Make no mistake: first-degree murder is one of the most serious criminal charges that any person can face in any state in the country. If you or anyone you know finds himself or herself facing first-degree murder charges, then it is imperative that you seek legal assistance to help you build a case for your defense as soon as possible. However, when it comes to first-degree murder charges, there are some cases that are more serious than others, and these cases should be handled with careful attention.
A man has recently been accused of killing a Louisiana police officer, and he is being charged with first-degree murder. He has plead not guilty, but if he is convicted, the state may seek the death penalty. The next hearing for the case will take place in late December, but the circumstances of the case are not currently widely available.
What little is known about this incident is that the officer in question responded to a family dispute in early August. At some point during the response, he was shot six times. A manhunt ensued the next day, at which point the current suspect was captured.
Obviously any first-degree murder charge is serious, but first-degree murder involving the death of an officer of the law is arguably even more serious. Not only are the legal penalties more significant, but it is likely that the police will pursue a conviction with a great deal of zeal. Understandably, when one of their own is killed, police officers tend to be particularly aggressive in a case.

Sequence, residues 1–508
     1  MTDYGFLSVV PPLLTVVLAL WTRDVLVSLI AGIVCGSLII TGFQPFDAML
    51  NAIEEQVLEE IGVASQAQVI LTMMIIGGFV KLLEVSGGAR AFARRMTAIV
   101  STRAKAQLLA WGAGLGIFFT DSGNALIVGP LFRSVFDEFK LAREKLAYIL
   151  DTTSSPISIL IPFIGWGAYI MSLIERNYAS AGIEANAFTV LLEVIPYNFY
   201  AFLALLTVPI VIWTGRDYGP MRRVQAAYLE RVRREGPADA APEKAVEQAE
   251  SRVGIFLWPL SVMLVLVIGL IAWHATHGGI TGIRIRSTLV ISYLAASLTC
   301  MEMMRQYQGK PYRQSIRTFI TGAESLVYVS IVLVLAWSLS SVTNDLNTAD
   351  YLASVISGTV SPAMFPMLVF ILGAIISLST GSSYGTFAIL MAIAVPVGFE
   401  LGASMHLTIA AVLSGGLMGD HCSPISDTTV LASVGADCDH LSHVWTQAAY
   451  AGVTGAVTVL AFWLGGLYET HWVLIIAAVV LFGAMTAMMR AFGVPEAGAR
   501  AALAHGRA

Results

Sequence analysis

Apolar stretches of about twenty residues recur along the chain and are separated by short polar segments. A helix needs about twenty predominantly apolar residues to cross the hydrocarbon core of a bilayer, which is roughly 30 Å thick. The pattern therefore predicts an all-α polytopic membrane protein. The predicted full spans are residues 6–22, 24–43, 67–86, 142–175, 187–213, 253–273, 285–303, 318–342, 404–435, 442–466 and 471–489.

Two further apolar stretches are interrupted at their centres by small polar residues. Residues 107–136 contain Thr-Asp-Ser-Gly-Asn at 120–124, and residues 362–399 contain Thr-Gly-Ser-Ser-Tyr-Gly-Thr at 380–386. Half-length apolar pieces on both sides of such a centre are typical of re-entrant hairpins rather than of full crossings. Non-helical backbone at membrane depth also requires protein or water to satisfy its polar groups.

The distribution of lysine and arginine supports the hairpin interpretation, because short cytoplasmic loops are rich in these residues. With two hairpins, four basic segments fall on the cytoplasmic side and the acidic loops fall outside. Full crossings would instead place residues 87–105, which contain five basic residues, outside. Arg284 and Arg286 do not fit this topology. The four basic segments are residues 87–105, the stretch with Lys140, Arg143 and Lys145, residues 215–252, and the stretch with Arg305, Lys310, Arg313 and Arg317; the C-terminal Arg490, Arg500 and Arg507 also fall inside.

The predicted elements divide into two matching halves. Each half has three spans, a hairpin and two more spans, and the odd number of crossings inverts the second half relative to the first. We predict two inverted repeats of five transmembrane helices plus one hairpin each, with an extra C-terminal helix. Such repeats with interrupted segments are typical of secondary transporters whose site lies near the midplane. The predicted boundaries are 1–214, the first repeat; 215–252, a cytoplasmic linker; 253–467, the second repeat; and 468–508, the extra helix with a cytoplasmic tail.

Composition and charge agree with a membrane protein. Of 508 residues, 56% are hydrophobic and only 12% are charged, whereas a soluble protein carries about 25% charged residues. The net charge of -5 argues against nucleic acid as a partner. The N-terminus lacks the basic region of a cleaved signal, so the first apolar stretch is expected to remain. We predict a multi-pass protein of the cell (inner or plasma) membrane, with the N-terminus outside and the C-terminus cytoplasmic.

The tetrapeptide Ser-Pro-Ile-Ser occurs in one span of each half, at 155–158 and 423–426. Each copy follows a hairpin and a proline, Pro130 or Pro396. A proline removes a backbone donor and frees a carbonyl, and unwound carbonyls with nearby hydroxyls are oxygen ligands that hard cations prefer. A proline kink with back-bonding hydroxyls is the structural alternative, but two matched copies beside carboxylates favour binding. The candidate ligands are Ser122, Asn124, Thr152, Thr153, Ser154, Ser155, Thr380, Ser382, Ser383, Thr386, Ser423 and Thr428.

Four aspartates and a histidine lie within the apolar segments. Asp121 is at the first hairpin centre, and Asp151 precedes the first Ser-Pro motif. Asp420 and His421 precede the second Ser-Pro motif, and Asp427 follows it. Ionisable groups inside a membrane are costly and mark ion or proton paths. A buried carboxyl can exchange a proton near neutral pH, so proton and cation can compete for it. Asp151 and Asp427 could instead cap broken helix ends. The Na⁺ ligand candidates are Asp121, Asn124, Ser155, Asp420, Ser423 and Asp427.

If you are facing murder charges of any kind, it is in your best interests to speak with an attorney. If you are accused of killing an officer, it is imperative to seek legal aid to help you build a defense. No matter how the evidence may be stacked against you, you are still innocent until proven guilty. A defense attorney can help you protect your innocence and take full advantage of your rights to ensure that you are not wrongfully convicted of an offense.
Source: Bayou Buzz, “Man indicted in Shreveport, Louisiana, officer’s death pleads not guilty to murder charge,” Oct. 26, 2015